Canning & Preserving For Dummies
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To can low-acid foods, you use a pressure canner. Pressure canning is the only safe way to can low-acid foods. Each step of the pressure-canning process is important to produce safe, home-canned foods:

  1. Assemble your equipment and utensils.

    Examine the jars for nicks or chips, screw bands for proper fit and corrosion, and new lids for imperfections and scratches. Wash them in warm, soapy water, rinsing well to remove any soap residue.

  2. Place clean jars and lids in a kettle of hot, not boiling, water.

    Never boil the lids because the sealant material may be damaged and won’t produce a safe vacuum seal.

  3. Fill your canner with 2 to 3 inches of water and heat the water.

    Refer to your owner’s manual for specific instructions.

  4. Fill the jars.

    You want the food snug, yet loose enough for liquid to circulate into the open spaces.

  5. Ladle boiling water into the jars, then release any air bubbles with a nonmetallic spatula.

    Leave the amount of headspace stated in your recipe.

  6. Wipe the jar rims with a clean, damp cloth. Place a lid on the jar (seal side down) and secure the lid in place with a screw band.

    Hand-tighten the band without overly tightening it.

  7. Place the jars on the rack in the bottom of the canner.

    Make sure you have the recommended amount of simmering water in the bottom of the canner.

  8. Lock the cover.

    Follow the instructions in the owner’s manual.

  9. Allow a steady stream of steam to escape from the pressure canner.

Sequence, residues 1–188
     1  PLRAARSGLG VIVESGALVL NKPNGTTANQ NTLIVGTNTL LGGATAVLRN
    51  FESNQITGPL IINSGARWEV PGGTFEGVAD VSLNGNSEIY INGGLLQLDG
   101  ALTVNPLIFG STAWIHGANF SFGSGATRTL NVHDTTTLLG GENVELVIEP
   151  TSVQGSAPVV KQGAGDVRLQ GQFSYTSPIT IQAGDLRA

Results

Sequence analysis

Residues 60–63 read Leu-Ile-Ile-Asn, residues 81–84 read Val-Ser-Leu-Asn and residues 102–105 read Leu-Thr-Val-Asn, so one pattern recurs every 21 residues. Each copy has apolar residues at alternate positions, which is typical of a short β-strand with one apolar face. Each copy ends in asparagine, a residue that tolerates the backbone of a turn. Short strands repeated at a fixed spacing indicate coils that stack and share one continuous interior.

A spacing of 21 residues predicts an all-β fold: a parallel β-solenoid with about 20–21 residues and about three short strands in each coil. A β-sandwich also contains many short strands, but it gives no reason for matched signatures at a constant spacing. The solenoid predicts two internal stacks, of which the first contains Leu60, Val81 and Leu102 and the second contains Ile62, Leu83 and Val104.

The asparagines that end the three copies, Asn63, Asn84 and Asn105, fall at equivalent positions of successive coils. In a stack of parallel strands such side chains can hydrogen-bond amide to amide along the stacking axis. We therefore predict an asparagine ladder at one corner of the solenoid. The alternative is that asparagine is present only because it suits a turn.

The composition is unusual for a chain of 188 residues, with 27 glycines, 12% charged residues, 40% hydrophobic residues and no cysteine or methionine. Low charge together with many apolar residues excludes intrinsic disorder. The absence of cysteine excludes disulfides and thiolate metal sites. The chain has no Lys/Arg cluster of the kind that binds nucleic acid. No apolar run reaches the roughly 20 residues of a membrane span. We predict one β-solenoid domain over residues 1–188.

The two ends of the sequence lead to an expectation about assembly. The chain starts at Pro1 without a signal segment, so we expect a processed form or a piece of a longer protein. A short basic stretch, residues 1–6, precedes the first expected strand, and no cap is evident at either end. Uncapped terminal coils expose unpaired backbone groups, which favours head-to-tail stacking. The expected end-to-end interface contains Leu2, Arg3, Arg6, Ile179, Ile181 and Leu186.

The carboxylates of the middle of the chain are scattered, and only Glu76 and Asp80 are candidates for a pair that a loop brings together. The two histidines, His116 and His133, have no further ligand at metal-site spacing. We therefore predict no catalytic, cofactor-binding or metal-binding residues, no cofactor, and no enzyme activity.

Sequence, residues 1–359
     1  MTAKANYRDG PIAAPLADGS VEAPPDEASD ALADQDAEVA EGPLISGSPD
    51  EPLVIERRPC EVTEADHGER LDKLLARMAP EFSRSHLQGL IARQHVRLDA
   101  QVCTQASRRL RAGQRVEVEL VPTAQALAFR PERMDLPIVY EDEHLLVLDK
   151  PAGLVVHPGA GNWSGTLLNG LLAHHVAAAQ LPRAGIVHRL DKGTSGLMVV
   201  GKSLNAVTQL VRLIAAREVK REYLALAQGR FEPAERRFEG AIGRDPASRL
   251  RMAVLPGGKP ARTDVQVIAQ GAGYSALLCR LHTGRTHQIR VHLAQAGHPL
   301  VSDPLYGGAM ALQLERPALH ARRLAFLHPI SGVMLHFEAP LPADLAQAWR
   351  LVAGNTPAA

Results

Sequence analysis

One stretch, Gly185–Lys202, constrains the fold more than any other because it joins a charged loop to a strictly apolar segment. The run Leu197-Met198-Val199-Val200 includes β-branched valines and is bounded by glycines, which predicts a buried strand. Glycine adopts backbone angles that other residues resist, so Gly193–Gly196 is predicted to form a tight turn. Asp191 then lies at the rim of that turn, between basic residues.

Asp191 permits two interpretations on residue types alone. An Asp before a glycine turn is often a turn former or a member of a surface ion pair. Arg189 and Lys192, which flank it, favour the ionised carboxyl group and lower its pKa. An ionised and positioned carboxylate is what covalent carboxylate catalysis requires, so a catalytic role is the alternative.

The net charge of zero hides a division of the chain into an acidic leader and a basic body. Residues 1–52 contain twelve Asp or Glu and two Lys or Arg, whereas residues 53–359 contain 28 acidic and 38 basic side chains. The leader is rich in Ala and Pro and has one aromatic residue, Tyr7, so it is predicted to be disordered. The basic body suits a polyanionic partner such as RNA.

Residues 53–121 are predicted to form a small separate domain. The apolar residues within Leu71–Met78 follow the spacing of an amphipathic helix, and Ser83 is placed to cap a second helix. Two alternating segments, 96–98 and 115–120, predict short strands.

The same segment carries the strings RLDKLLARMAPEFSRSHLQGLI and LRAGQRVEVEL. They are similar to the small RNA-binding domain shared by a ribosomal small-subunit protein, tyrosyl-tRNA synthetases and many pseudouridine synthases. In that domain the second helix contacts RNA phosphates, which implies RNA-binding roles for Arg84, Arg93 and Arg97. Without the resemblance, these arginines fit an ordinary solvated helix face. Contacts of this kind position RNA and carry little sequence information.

Continue for 10 minutes or the time recommended in your manual.

  10. Close the vent, bringing the pressure to the amount specified in your recipe.

    Processing time starts when your canner reaches the required pressure. The pressure must remain constant for the entire processing time.

  11. After the processing time has passed, turn the heat off and allow the pressure to return to 0.

    Don’t disturb the canner while the pressure drops; jars that are upset may not seal properly.

  12. Approximately 15 minutes after the pressure returns to 0, remove the canner lid.

    Open the cover away from you to avoid the steam.

  13. After 10 minutes, remove the jars from the pressure canner with a jar lifter and completely cool the jars.

    Place them on a clean towel, away from drafts with 1 to 2 inches of space around the jars. Cooling the jars may take 12 to 24 hours.

  14. Test the seals on completely cooled jars by pushing on the center of the lid.

    If the lid feels solid and doesn’t indent, you’ve produced a successful seal.

  15. Remove the screw bands of the sealed jars and remove any residue by washing the filled jars in hot, soapy water.

    Make sure to thoroughly clean the lids and bands.

Label your jars, including a date, and store the jars (without the screw bands) in a cool, dark, dry place.

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